Chrysoprase: In Good Company

With the success of 'exotic' gem trading at the recent gem shows in Tucson, it's good to take a second look at an appealing yet often overlooked exotic stone, chrysoprase. Depending on where this gem is discussed, it may also be spelled chrysophrase or chysoprasus or chryzopraz.

This gem mineral is formed in the same way as other more well known cryptocrystalline silica family members; agate, carnelian and onyx. The crystals are so minute that they cannot be separately distinguished under normal magnification strengths.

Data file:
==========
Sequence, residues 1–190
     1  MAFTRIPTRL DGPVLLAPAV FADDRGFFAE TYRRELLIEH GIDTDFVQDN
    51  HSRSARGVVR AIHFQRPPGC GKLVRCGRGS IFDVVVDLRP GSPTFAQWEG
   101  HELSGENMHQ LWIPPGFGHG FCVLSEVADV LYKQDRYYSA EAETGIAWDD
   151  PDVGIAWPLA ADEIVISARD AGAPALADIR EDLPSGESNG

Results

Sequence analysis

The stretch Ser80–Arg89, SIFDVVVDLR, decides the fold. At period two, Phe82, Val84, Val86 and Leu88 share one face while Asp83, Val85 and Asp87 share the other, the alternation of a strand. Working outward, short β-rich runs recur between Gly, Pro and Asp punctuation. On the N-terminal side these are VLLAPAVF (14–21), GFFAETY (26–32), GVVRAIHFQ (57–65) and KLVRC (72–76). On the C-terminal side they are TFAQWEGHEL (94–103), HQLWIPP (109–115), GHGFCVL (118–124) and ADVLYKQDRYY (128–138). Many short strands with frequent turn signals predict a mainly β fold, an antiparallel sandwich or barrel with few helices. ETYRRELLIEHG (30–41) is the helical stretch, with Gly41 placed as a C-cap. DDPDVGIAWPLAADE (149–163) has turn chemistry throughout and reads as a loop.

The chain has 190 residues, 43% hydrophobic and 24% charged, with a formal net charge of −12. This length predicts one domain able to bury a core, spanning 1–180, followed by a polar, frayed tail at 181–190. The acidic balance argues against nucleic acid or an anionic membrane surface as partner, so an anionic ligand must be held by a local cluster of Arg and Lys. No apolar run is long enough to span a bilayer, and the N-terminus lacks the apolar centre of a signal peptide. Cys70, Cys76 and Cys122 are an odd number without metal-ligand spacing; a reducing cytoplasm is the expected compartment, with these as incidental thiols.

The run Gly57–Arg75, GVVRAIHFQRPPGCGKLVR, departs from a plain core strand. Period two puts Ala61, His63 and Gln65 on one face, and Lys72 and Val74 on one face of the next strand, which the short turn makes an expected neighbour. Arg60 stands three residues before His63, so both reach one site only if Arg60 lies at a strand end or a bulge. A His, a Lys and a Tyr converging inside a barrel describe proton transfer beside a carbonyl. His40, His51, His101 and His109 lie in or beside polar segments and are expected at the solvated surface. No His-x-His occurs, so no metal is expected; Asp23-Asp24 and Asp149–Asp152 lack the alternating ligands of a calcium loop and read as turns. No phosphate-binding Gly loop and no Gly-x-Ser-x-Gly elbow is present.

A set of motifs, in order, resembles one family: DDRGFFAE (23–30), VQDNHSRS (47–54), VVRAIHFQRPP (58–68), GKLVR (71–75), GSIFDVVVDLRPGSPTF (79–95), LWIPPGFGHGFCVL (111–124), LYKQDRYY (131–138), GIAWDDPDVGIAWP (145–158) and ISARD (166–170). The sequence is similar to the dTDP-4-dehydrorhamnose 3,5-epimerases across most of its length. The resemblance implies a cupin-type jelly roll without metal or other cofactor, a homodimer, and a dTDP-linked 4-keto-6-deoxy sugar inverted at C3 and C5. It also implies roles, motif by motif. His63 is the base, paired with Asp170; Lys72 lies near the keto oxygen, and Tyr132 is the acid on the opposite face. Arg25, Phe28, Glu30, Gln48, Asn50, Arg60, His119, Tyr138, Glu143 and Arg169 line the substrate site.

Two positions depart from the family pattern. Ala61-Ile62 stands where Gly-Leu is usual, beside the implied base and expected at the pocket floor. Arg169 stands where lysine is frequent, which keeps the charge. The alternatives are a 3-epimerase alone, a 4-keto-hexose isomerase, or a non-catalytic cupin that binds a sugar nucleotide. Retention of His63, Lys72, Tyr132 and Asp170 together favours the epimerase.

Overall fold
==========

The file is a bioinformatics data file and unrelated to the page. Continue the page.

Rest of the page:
It owes a nod of thanks to nickel of all things for its coloration, not chromium as some mineral fans might think. Chromium? There's an app for that, and it's called chrome chalcedony. Just thought you'd like it all sorted out for you. You're welcome.

Gem carver Thomas McPhee cut a graceful gal in chrysophrase as seen at top. The enchanting and ultra feminine carving was then skillfully transformed into a beautiful piece of jewelry thanks to the creativity of designer Paula Crevoshay.

Empress of Life Jewelry Image Courtesy: Thomas McPhee


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